Interview with Author Scott Kaelen

Last month I reviewed The Blighted City, a semi-finalist in SPFBO4, and author Scott Kaelen shared with us the cover design process for this debut novel. Today I'm pleased to bring you an interview with him, to delve a bit deeper into his creativity and writing techniques. 

What inspired your world building process?
I started with the geography of an entire continent, but allowing for changes as stories evolved. I sketched a map of the continent of Sosarra, added mountain ranges, lakes, a land-locked sea, forests, and various types of coastal area. I then placed cities in the sorts of places they were most likely to be, based on the growth and the flow of society over the ages. This gave me a template to work with. I broke the continent into lands based on topographical boundaries, named each area, each mountain range, city, etc., and figured out what sort of society would exist in each one. Some, like Midhallow, were given a solid history, and the continent in general was painted with a shared history that affected all of the lands, i.e. in Western Sosarra, the land of Vorinsia conquered its neighbors to the south – Sardaya and Khalevali, and merged the three together to form the Vorinsian Arkh. Some of this was peripherally mentioned in The Blighted City, but will be made much more tangible in the next novel because the action will spread from Himaera (the land in which all of The Blighted City takes place) across into the continental mainland to Vorinsia. The snowy northern land of Thylea is where a new main character will begin, and the city of Midhallow will also be visited and play an important role. All of this really only touches the surface of the world-building that’s grown over the last several years for the world of Verragos, and I would say that the sheer depth of world-building done by authors such as Tolkien, Feist, Weis & Hickman, and many other excellent epic fantasy writers, is what inspired me the most in my world-building process. Creating a world gives you a pseudo-god-like power, and, what started off as an unnamed island grew into a richly-detailed world which I fell in love with and am looking forward to sharing more of with readers in future books of the Fractured Tapestry series.

Who are you writing for and why?
I suppose I’m writing primarily for myself, but I’d be lying if I said that I don’t care what my readers think; of course I do. Any constructive criticism which The Blighted City may receive (it is a debut novel, after all) will be considered during the creation of the next novel, and so on. Sales do matter, and receiving book reviews is also a huge deal and far from easy to obtain from readers. The bottom line, I suppose, is that I’m writing to release the stories inside me which need to come out, and for as many fantasy lovers as I could possibly hope to turn into fans. I’m acutely aware that we can’t please everyone, so I suppose the No.1 person who benefits from my writing is me. It’s a catharsis. And why let such a rich world like Verragos go to waste?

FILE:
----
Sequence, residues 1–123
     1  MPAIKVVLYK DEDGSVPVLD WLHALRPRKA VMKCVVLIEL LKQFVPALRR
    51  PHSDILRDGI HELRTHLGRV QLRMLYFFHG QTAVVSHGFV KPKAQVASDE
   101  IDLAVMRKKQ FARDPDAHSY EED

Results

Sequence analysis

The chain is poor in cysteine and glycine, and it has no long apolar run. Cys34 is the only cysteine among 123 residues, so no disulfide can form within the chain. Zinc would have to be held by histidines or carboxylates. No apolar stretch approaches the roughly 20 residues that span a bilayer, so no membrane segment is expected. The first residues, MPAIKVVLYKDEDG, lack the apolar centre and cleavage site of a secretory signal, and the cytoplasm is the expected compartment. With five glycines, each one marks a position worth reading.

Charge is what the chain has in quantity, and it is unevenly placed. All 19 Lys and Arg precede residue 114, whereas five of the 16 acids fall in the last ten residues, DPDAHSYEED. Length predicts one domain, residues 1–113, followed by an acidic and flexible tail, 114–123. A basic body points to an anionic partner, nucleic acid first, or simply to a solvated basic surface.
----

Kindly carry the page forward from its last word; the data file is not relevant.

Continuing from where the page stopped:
What do you do to recharge your creative energy? 
If I get stuck in a creative rut, I try to pay more attention to the things that are most likely to inspire me. The real world is a good start, but also other authors’ writing styles, movies, TV shows, computer games. The dialogue in the best-written TV shows is often more of an influence than the dialogue in books. In the dialogue I write, I try to find a sweet spot between “real” conversation and the “polished” version of organic flow that the superior TV shows and movies are capable of. When I lived in Germany, I used to go for walks alone in the nearby countryside and just let my mind wander through scenes that weren’t yet written, and often I’d return home and thrash out some good work, my creative energy refilled. Where I currently live though, that’s not much of an option, so instead I just go for a lie down, close my eyes and let the characters play out their conversations in my head. It does work, and some nights it even stops me from getting to sleep.

What reactions do you hope to inspire in others? 
All of the good reactions! I want readers to be excited, invested, and eager to keep reading. I want their heartstrings to be twanged at the right moments. I want them to feel a real sense of wonder, immersion, and all emotions ranging from laughter to tears, from comfort to dread. I want to hear readers say that their experience was a wonderful ride and that they’re eager to read more. Ah… and I’d also like them to review what they’ve read – it doesn’t help if you only tell an author that their book is great; don’t keep it private, make it public and tell the world by writing a review on Amazon and Goodreads. If you’re not confident with writing a review, just keep it simple. “I loved this book,” is about as simple as you can get, but that, plus the star rating, is MUCH better than not doing so at all.

Where is your writing taking you? 
I’m currently working on the second novel in the Fractured Tapestry series. Oriken, one of the main characters from The Blighted City, will return, but this time he’ll be going much further. This novel is not a direct sequel to The Blighted City; my plans are for it to be the first of a sub-series (which may only contain two novels, maybe more). I’ll be unlocking much more of the world and taking the adventures to new lands, some of which were mentioned or hinted at in The Blighted City. Essentially, my aim is to blow The Blighted City out of the water with “Book Two”, and I’m excited to be writing it. This is a story I wanted to write several years ago but which I lacked the skill to create. Now, with more “Author XP” under my belt, I’m confident that Book Two will give me an “Author Level-Up!” Stay tuned.

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  1. A pleasure to be featured on Kreative Joose once again. Thanks, Rebekah!